Patreon announces API, two-factor authorization, and more
Patreon made a couple very interesting announcements yesterday. They’ve released an API, and they’re introducing two-factor authorization. Plus, they’re making advances on their discovery functionality, and they have some insight on why patrons leave.
Here’s why you need to know.
The Patreon API will enable you to create a widget for your website and more. Specifically:
- “Log in with Patreon” functionality to put on your website
Your patrons can click a button on your site, and then your site gets to know whether or not they’re a patron & how much they’re pledging (along with profile photo, name, email, etc.)
- A “fetch me my patron’s info plz” endpoint
Get back a list of every patron currently pledging to you, along with how much they’re pledging, etc.
- “Become my patron” embeddable button/widget
You can now add the “become a patron” button directly on your website that’ll direct potential patrons right to the pledge flow to become your patron!
- WebHooks aka “Ping me when I get a new Patron”
Be notified every time you get a new patron.
This is far from plug-and-play. Unless you’re very comfortable with coding, you’re not going to be able to do this without help. However, it’s a major step in setting up a patrons-only section of your own Web site, and that’s something that many of us who feel encumbered by Patreon’s user experience will embrace.
Patreon is also tightening up security with two-factor authorization. For more info on how to set that up, click here.
Patreon is somewhat weak on the issue of discovery. Speaking from personal experience, I would estimate that well over 90% of the people who support me on Patreon signed up with the service specifically to back my campaign. In other words, when they joined, I could see that they had just created an account, and they were backing no other creators. That’s very nice, but, with good discovery functionality, Patreon should be exposing patrons of other campaigns to my work. I should be gaining patrons who support similar content. (And my backers, likewise, should be exposed to other creators as well.)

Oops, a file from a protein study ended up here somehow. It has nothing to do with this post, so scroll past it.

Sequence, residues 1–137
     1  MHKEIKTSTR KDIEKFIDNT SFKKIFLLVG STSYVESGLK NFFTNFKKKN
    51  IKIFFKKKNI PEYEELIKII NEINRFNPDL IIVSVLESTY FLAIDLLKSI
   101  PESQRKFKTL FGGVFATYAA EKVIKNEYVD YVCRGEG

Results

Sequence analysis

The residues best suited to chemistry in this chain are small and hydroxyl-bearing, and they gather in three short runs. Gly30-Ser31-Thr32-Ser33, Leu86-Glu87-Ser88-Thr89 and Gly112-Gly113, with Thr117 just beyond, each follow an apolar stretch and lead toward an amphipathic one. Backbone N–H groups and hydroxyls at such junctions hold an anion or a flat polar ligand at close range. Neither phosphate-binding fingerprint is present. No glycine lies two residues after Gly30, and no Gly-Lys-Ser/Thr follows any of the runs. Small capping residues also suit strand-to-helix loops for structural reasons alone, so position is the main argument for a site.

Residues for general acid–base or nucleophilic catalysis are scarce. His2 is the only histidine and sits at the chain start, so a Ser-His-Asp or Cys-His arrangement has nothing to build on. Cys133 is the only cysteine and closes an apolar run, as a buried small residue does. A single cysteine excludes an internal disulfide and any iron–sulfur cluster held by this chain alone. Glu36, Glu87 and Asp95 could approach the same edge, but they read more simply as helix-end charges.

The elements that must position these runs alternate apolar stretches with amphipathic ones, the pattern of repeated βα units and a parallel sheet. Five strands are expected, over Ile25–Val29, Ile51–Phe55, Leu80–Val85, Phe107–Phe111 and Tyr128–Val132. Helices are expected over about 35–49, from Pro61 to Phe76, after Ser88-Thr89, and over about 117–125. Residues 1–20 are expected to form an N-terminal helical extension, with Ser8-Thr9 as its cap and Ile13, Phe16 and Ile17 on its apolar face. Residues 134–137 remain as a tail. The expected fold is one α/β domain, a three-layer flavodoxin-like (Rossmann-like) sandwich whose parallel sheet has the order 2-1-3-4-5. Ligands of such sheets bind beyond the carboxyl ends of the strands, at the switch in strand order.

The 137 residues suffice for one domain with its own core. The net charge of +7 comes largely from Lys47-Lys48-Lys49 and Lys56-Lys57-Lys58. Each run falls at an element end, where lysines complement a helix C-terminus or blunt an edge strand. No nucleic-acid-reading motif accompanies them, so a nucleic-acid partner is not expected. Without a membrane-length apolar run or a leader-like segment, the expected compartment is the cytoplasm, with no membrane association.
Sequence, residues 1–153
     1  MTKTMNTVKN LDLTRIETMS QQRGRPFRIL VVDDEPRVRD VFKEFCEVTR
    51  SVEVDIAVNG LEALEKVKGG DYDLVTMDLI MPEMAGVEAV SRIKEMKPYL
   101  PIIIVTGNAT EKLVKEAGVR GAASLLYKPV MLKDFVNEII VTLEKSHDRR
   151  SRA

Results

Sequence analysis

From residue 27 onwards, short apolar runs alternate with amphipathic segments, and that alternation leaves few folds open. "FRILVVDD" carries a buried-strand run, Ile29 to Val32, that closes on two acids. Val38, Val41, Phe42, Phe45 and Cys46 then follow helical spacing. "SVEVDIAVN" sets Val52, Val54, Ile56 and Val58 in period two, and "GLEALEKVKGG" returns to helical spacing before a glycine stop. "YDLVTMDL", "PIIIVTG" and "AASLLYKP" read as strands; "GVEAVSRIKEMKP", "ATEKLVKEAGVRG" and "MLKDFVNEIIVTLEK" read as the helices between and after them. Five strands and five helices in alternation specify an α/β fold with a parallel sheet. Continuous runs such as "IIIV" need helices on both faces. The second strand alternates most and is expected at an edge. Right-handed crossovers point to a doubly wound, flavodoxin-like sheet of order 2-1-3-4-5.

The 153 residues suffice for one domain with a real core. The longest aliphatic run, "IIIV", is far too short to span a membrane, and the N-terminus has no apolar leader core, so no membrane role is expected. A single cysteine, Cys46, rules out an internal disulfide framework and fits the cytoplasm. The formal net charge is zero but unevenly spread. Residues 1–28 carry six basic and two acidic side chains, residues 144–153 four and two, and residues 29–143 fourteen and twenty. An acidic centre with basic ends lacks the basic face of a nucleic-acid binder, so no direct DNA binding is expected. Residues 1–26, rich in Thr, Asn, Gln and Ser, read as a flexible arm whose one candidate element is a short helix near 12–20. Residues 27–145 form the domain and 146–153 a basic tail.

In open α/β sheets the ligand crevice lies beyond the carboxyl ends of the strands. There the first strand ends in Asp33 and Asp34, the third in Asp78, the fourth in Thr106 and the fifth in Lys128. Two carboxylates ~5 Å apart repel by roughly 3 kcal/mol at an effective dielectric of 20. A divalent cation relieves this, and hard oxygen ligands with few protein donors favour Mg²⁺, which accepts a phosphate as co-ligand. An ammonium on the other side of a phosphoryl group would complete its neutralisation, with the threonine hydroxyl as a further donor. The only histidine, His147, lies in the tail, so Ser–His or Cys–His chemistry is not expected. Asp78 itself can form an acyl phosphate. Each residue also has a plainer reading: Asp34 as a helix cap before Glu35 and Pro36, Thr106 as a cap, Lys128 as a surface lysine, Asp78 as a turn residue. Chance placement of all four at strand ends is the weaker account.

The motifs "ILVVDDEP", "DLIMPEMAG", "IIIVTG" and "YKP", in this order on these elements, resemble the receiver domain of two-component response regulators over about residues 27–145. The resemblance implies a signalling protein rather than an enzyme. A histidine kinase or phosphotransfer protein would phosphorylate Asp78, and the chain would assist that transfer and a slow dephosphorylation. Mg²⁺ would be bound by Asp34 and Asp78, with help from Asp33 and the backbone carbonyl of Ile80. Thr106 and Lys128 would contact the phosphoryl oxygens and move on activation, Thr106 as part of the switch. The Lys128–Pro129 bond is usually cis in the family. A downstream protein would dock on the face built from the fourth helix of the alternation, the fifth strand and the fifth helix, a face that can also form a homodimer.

Therefore, it’s good to hear that Patreon has started sending e-mail blasts to patrons that are targeted by the types of campaigns those patrons are already supporting.
Why Do Patrons Leave?
Finally, Patreon shared some research. From their press release:
When we asked patrons why they deleted their pledges, the top reason—by a wide margin—was, “my financial situation changed.” As shown below, patrons also indicated that they “only intended to pledge for a limited time” and “the creator wasn’t engaging like I expected.”
This dovetails almost perfectly with my own personal findings. Patreon offers the following advice, geared towards patron-retention:
With this in mind, we started brainstorming ways you can improve your patron retention:
- Maintain engagement by creating at least a few public and patron-only (unpaid) posts each month
- Show patrons why their sustained support matters to you (be creative, as always)
- Remind patrons that any amount helps, large or small
There’s nobody who knows your patrons better than you! That’s why we’re launching a new Creator Dashboard that makes these survey results (and some other useful data) available to you 24/7. We tested an early prototype with 20 creators last week and we plan to roll-out an initial version to all creators over the course of December. Stay tuned for updates!
More security, more functionality, and more information — it’s all good to hear! I’m very optimistic about what Patreon has in store for 2016.